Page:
The formation of butadiene polymer is a common problem in butadiene extraction units, as well as ethylene plant purification columns processing high levels of butadiene. Butadiene polymer may manifest itself in several different forms, commonly described as sheet, rubber, crystalline, or popcorn polymer. An important issue is the nature of this fouling material and its identification, especially if it is popcorn polymer because this is its most dangerous form. Popcorn polymer expands at a tremendously rapid rate, thus it is a safety issue that has led to metal rupture.
Based upon appearance, two Dow plants discovered popcorn-like polymer in the top of purification columns containing levels of butadiene (43-50 %) thought to be unable to form popcorn. Not all crystalline butadiene polymer is popcorn, and in the past popcorn has been reported to not form in streams containing < 70 % butadiene. While the sample of crystalline, white polymer looked like popcorn, the only way to identify it is through testing.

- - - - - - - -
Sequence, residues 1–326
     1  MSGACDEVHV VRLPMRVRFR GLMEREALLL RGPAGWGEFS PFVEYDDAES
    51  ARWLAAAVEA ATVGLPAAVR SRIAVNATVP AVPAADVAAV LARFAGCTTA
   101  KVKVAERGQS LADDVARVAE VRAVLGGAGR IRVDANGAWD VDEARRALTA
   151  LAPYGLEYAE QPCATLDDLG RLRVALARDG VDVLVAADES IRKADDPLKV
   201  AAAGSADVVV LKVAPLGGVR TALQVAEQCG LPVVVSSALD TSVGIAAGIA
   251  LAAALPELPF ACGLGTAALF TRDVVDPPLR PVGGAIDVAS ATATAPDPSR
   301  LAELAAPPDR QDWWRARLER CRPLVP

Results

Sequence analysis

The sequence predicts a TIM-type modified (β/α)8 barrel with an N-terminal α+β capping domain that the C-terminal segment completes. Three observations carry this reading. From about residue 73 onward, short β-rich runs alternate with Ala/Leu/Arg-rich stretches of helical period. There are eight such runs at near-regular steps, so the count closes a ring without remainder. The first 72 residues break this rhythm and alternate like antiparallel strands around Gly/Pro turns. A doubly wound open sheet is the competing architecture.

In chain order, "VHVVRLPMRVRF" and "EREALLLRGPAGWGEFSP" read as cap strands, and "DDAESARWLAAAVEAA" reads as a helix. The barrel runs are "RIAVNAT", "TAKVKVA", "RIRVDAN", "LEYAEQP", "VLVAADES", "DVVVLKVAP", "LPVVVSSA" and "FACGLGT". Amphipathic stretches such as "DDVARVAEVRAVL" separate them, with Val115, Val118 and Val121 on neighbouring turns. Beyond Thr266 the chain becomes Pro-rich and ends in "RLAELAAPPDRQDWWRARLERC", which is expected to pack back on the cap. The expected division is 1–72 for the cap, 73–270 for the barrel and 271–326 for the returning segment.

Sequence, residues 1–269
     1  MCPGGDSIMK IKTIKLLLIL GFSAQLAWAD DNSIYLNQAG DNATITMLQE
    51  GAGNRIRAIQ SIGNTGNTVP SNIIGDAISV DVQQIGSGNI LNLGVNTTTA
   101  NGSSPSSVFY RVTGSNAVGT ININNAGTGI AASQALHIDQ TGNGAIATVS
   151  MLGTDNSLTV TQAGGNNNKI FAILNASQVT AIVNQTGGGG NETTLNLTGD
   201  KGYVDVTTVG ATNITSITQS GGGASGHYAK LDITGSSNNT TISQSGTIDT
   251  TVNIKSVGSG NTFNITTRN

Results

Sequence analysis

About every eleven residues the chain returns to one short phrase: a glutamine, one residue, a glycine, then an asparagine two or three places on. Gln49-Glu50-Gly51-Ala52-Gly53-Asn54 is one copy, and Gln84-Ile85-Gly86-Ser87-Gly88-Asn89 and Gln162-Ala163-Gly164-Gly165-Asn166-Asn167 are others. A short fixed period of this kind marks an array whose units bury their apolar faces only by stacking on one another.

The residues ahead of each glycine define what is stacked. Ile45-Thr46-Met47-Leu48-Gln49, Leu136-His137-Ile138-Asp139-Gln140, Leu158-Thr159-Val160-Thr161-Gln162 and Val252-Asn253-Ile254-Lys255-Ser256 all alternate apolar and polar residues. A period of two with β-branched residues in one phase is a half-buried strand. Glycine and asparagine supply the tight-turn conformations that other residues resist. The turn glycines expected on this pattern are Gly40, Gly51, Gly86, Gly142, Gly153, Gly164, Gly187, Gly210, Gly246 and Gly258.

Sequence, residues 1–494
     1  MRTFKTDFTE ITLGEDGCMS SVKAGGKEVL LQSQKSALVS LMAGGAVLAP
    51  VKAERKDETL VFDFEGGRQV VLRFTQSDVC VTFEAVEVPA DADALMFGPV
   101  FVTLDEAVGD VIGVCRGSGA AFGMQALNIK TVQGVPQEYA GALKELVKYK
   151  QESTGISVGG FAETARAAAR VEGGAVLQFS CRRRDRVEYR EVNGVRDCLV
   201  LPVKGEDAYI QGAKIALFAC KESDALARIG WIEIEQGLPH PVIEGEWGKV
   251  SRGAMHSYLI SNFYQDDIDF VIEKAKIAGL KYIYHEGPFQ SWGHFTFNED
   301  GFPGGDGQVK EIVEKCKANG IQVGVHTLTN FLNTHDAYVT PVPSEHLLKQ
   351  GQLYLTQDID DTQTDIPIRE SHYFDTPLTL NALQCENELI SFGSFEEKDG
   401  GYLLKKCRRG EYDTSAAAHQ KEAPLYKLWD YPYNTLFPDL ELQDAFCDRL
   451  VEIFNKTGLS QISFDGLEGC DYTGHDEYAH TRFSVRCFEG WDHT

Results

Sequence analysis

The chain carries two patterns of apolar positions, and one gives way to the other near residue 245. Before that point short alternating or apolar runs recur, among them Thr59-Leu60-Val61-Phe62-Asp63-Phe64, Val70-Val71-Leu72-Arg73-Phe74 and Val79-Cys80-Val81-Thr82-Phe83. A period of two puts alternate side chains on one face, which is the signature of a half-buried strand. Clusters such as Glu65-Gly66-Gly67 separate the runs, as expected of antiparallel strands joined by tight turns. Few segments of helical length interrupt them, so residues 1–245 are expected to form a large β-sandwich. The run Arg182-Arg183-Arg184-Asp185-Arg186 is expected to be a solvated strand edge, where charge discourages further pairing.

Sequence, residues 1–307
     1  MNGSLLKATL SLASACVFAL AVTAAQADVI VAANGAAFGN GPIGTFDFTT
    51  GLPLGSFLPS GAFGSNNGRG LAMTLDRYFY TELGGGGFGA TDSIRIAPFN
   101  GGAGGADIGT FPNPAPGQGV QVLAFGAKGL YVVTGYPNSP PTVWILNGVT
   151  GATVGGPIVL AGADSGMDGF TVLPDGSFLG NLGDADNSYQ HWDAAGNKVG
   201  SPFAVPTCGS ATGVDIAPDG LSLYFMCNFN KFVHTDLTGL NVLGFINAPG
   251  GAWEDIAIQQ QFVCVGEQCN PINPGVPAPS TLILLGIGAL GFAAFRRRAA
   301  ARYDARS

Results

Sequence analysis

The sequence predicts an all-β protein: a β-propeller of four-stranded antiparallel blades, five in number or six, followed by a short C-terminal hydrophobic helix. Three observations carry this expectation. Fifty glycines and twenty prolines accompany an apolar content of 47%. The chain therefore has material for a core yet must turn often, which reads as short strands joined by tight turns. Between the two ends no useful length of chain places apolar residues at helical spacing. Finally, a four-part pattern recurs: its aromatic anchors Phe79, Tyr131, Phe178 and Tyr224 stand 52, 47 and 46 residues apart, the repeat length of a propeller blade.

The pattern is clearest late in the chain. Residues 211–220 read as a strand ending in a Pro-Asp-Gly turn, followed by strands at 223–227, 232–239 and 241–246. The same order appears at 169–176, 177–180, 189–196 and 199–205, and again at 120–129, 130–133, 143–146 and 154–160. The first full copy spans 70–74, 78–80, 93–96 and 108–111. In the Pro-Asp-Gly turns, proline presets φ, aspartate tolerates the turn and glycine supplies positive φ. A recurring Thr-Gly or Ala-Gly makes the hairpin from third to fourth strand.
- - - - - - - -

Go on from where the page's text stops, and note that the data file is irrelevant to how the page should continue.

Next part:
One method to identify popcorn polymer is to place the recovered polymer as a seed in styrene, heat this to 60 ºC, and note the rate of polymerization over time. This is compared to a styrene solution containing a known popcorn seed that has been stored under inert atmosphere for use as a reference in this test. If the rate of polymer formation with the test seed is equal to or greater than the reference, then the polymer is indeed popcorn. For both samples tested from these low-concentration butadiene containing columns, these were identified as popcorn.
In this presentation findings from these plants and the results of laboratory experiments will be shown. Also, the implications of forming popcorn polymer at lower levels of butadiene will be discussed.
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